For people to feel valued and welcome in sharing their ideas, it's essential to foster and maintain a productive dialogue. Threaded commenting allows for an idea to be built upon or challenged respectfully, without distracting from the ideas of others. Expert moderation comes standard with EngagementHQ, protecting you and your community against bullying, heckling, and inappropriate [geot_filter exclude_region="america" html_tag="span"]behaviour[/geot_filter][geot_filter region="america" html_tag="span"]behavior[/geot_filter] every hour of the day. Example courtesy of Your Say Penrith.
Versatility and scheduling
Permission toggles and scheduling options provide the opportunity to tailor the tool for various goals, phases, and timelines. Participation may be restricted to registered participants or opened up to the broader community with a screen name and email. We've also made it easy to stick to the timeline displayed on your key dates widget while managing multiple engagement projects. Scheduling may be used to adjust the window of time a tool is open for interaction and the window of time that votes may be cast. To facilitate the interactions you wish to see across the lifecycle of the tool, comments and image upload may be enabled or disabled as desired.
Text Analysis Reporting uncovers hidden insights and helps to manage large amounts of contributions and comments. Text analysis allows you to group similar ideas using advanced search and bulk tagging. You may also [geot_filter exclude_region="america" html_tag="span"]visualise[/geot_filter][geot_filter region="america" html_tag="span"]visualize[/geot_filter] contributions by participant demographics through Demographic Filtering. To obtain added context around how each idea was received based on other's comments, applying Sentiment Analysis will automatically assign a positive, neutral, mixed, or negative sentiment tag onto each comment for an extra layer of insight.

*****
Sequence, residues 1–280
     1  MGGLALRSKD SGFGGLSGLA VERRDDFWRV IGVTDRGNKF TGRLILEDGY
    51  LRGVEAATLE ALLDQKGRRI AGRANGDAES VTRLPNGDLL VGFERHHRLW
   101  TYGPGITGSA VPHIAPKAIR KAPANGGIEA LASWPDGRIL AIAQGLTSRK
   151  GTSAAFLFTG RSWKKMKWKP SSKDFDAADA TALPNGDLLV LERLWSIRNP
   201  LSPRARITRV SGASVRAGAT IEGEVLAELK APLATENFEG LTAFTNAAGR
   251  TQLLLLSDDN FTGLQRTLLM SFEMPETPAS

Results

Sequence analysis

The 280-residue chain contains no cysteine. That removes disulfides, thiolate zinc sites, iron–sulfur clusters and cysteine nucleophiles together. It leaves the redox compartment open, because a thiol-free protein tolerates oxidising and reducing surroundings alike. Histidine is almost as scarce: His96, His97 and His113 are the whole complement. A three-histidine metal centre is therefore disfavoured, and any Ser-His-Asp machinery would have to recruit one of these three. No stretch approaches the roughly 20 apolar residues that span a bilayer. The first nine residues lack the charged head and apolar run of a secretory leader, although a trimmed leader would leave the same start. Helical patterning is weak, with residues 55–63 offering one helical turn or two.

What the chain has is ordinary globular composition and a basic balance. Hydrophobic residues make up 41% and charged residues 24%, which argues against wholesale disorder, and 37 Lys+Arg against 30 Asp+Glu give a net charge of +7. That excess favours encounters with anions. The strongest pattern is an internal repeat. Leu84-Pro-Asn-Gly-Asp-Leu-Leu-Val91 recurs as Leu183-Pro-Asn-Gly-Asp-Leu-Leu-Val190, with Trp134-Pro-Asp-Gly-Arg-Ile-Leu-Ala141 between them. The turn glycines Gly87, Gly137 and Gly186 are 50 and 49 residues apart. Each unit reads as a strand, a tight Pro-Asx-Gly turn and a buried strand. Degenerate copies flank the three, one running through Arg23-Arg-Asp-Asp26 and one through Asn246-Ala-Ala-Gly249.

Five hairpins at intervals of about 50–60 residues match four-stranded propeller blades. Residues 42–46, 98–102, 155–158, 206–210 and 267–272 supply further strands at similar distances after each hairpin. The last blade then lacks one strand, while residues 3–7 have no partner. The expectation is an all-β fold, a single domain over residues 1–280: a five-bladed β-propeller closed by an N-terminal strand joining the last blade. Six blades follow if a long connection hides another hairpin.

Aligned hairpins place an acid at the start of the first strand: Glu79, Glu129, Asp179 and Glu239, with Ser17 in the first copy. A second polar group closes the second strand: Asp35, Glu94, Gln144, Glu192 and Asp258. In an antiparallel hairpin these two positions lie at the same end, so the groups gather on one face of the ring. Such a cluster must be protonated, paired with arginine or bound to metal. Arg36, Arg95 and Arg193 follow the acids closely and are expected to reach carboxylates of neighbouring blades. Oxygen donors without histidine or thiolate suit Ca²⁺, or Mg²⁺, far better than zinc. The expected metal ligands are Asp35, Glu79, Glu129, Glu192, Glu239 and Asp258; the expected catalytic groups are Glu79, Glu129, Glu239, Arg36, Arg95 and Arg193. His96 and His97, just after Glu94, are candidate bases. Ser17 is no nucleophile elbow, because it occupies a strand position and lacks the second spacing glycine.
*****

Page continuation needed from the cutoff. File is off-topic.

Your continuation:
Four great use cases for the Ideas tool
1: Long term engagement and site growth
There are inevitably times when you won’t have a fresh engagement project to release. The Ideas tool can be used to maintain your community's habit of visiting your site to remain informed and involved. This can be as fun and simple as releasing a photo contest or art showcase. Pairing the Ideas tool with an evergreen topic is yet another easy and productive way to drive engagement while uncovering community concerns and aspirations. Promoting the Ideas tool can build awareness of your engagement site and can foster the growth of your participant database. Metro Vancouver’s Public Transportation system, Translink, wrote an inviting prompt that received over 3,000 ideas between in-person and online engagement. “In an ideal world, what changes – big and small – would make Metro Vancouver’s transportation system work better for everyone?” Example courtesy of Engage Translink.